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Attitude of the individual to his own body weight
  1. Margaret Ashwell,
  2. Lindsey Etchell
  1. Clinical Research Centre, Watford Road, Harrow, Middlesex HA1 3UJ
  2. Consumers' Association, 14 Buckingham Street, London WC2N 6DS

    Abstract

    A random height and weight survey in a London Borough showed that overweight people were most accurate in the assessment of their weight and underweight people were the least accurate. Overweight women were more aware of their size than overweight men.

    Overweight women had made more attempts to lose weight than overweight men. There were no significant differences between overweight women of different age or class groups. Men in social classes A and B were more likely than men in other groups to have tried to lose weight.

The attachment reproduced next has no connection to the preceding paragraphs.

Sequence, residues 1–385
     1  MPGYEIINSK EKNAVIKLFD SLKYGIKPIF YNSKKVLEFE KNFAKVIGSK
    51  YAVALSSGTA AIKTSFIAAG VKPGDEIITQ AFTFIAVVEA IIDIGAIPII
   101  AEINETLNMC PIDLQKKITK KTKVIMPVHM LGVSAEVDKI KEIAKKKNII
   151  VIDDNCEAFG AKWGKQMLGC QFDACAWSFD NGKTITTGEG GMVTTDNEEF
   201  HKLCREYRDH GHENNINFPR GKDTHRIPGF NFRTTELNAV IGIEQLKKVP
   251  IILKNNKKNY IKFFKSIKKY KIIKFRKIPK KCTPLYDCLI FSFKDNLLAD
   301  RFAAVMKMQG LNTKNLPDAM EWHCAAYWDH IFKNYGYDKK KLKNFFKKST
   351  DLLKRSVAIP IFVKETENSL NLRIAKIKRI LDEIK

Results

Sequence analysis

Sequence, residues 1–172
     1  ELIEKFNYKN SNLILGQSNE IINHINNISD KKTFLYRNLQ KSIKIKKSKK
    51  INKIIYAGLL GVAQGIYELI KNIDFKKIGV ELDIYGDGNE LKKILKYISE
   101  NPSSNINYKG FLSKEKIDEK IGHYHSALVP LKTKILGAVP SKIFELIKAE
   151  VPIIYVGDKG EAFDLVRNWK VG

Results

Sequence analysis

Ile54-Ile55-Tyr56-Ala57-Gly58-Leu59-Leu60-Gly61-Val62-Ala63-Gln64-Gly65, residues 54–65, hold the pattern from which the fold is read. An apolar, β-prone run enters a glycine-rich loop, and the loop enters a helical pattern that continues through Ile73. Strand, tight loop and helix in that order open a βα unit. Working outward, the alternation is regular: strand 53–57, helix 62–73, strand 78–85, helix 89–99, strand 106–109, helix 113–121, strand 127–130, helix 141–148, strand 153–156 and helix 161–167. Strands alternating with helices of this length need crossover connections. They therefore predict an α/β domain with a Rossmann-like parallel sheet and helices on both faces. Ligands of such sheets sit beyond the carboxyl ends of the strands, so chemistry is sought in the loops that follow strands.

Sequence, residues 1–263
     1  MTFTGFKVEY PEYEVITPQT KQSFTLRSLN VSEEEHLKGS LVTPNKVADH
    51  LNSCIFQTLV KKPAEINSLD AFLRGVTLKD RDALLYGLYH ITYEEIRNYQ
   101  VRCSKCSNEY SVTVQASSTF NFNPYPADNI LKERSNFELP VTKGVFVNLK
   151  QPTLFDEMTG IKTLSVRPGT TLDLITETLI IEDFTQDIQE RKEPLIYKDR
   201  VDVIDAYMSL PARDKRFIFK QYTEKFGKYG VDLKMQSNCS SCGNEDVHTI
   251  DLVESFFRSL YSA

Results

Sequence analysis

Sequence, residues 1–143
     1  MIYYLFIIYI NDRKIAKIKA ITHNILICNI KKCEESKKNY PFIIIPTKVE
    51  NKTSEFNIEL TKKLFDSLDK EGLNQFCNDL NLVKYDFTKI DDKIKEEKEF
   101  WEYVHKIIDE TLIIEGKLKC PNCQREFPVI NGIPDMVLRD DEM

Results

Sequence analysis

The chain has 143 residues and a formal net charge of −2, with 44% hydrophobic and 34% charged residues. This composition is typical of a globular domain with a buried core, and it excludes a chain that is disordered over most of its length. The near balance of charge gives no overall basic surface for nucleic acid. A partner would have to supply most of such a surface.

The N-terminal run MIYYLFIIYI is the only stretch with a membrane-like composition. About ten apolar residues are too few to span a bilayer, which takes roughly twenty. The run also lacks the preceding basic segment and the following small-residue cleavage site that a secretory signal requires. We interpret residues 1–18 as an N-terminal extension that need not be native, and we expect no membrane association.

These results show that the high prevalence of overweight associated with older and lower social class women cannot be explained by the fact that they are unaware of their size and only partly explained by the fact that they have not made attempts to lose weight.

    The results of a second survey conducted among Consumers' Association members showed that the weights considered as ideal by these people corresponded very well with the ideal weights given by life insurance tables.

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